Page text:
# Bacterial "finger printing" reveals that periodontal pathogens are:
A. Contagious
B. Non - contagious
C. Transmissible within member of same colonies
D. Non transmissible


CNS Questions Pathology - Yearwise Sorted

2016
1. Enumerate the CSF findings and morphological changes in the brain in case of Tuberculosis meningitis. (2.5+2.5=5)

2. Write brief about diffusely infiltrating astrocytoma. (5)

2015
1. Enlist the indication and contraindication of lumbar puncture. (3+2=5)

2. Describe the microscopic features of astrocytoma in a child. (2)

3. Describe the brain abscess under following heading: (1.5x2=3)
a. Gross and microscopic feature
b. Complication

2014
1. Enumerate the degenerative disease of basal ganglia and brain stem. Write about the microscopy changes seen in Alzheimer’s disease. (1+4=5)

2. Mention the most important cause and age of occurrence of subarachnoid hemorrhage. Describe its location with the help of a well-labeled diagram. (1+1+3=5)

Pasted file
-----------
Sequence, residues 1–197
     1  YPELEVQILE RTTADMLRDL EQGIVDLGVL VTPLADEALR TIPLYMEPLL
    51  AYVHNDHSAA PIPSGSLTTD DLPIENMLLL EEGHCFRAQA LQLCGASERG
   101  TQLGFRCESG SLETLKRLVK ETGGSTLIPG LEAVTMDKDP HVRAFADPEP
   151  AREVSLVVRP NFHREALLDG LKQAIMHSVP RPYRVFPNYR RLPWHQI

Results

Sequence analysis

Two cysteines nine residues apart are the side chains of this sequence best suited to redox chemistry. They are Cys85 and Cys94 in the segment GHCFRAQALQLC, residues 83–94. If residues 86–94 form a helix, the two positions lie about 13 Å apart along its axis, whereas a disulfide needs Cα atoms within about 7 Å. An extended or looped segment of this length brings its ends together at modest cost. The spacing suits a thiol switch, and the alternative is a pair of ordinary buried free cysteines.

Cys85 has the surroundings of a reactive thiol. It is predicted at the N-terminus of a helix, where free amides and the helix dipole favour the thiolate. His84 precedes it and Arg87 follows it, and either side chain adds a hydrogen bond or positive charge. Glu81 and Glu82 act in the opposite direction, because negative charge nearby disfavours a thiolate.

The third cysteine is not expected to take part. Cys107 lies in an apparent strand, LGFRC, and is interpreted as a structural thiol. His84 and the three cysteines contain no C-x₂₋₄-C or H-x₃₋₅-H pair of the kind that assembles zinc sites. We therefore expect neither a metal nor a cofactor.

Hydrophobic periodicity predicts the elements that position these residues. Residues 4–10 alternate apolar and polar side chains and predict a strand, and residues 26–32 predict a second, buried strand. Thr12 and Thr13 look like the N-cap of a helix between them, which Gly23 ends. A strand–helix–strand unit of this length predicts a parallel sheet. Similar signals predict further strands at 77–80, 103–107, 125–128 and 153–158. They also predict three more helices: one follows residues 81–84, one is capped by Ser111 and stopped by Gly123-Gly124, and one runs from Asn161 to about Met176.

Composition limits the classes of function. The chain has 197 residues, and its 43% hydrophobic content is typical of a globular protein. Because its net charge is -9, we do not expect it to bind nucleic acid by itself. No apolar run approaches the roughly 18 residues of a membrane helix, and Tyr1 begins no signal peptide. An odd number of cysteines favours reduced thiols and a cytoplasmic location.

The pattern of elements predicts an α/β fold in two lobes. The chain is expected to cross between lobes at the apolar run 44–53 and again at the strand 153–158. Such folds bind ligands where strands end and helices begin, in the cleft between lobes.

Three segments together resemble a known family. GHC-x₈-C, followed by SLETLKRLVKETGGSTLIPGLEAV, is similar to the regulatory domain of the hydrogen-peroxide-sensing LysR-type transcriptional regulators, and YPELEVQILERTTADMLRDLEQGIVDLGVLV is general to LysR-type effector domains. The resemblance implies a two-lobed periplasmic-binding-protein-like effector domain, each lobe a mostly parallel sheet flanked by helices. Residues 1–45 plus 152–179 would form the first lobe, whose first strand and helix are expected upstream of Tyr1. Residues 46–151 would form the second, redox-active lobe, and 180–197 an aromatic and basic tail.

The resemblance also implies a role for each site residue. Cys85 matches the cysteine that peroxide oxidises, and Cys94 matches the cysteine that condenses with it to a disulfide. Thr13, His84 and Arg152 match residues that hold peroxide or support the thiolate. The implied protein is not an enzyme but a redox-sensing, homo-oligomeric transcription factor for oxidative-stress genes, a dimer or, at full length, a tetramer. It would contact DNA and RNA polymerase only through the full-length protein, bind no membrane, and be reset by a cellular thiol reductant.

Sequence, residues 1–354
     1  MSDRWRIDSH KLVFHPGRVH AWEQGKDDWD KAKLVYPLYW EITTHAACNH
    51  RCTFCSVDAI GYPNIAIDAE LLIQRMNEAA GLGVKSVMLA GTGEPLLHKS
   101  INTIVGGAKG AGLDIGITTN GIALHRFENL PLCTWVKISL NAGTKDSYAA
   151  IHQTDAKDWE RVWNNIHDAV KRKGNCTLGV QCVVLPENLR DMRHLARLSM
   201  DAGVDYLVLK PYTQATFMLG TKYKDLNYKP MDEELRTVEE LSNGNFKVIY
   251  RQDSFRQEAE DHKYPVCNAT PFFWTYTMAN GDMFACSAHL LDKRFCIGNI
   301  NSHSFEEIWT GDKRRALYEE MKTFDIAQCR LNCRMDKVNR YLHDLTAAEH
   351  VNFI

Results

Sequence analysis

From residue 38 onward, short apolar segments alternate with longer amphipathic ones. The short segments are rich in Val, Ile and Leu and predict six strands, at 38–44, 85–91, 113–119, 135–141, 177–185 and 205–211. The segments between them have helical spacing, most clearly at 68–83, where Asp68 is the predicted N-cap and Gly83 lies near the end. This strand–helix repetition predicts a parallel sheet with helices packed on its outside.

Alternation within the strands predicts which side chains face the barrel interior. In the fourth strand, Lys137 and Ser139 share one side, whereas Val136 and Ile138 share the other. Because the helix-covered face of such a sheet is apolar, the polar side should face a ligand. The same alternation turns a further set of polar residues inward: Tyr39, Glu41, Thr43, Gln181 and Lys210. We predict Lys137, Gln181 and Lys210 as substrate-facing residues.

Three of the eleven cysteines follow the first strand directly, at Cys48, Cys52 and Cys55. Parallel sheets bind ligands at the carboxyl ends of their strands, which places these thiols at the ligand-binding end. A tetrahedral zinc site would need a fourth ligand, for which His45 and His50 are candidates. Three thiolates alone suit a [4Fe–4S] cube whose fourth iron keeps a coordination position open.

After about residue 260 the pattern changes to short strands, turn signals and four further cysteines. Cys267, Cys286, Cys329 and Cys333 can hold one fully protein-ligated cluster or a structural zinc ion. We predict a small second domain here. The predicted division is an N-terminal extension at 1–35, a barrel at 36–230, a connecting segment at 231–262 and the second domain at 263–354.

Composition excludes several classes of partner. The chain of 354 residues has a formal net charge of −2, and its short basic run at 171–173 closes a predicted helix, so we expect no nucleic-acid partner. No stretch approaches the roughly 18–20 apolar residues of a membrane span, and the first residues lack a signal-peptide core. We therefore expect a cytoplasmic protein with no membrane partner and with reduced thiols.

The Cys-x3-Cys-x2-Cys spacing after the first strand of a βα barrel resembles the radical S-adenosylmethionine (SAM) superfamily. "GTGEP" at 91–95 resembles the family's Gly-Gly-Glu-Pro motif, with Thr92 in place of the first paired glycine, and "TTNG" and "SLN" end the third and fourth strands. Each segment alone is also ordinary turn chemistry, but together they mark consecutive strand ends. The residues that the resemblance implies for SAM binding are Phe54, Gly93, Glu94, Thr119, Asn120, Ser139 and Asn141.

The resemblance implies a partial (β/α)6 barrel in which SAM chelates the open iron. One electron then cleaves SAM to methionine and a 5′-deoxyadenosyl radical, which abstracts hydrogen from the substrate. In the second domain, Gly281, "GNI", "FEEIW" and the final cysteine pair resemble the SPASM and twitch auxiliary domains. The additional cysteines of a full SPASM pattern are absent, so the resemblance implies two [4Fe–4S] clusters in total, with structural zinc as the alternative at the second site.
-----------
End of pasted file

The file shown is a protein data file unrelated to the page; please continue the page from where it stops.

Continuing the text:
2013
1. Write briefly on sub-arachnoid hemorrhage with a labeled diagram of major vessels involved. (3+2=5)
2. Describe the morphologic features of Alzheimer’s disease. (5)

2012
1. Describe the microscopic picture of Alzheimer’s disease. (5)

2. Draw a well labeled diagram of anatomical location of Berry aneurysm. Write its gross description. (3+2=5)

2011
1. Classify Astrocytoma. Describe Diffuse Astrocytoma in detail. (5)

2. Compare and contrast CSF findings of normal from Tuberculous Meningitis. (5)

2010
1. Write CSF findings in different types of meningitis in tabulated form. (3)

2. Classify CNS tumors. (2)

3. Write briefly about Multiple Sclerosis. (5)

CNS Questions Biochemistry - Yearwise sorted

2016
1. Explain the biochemical basis of myasthenia gravis. (2)

2. What are the indications of CSF analysis? Explain the utility of measuring some biochemical parameters in CSF. (3)

2015
1. Mention the role of neurotransmitter in development of Schizophrenia. (5)

2014
1. Write the biochemical basis of myasthenia gravis. (2)

2. Explain how biochemical examination of CSF helps in differential diagnosis of meningeal diseases. (3)

2013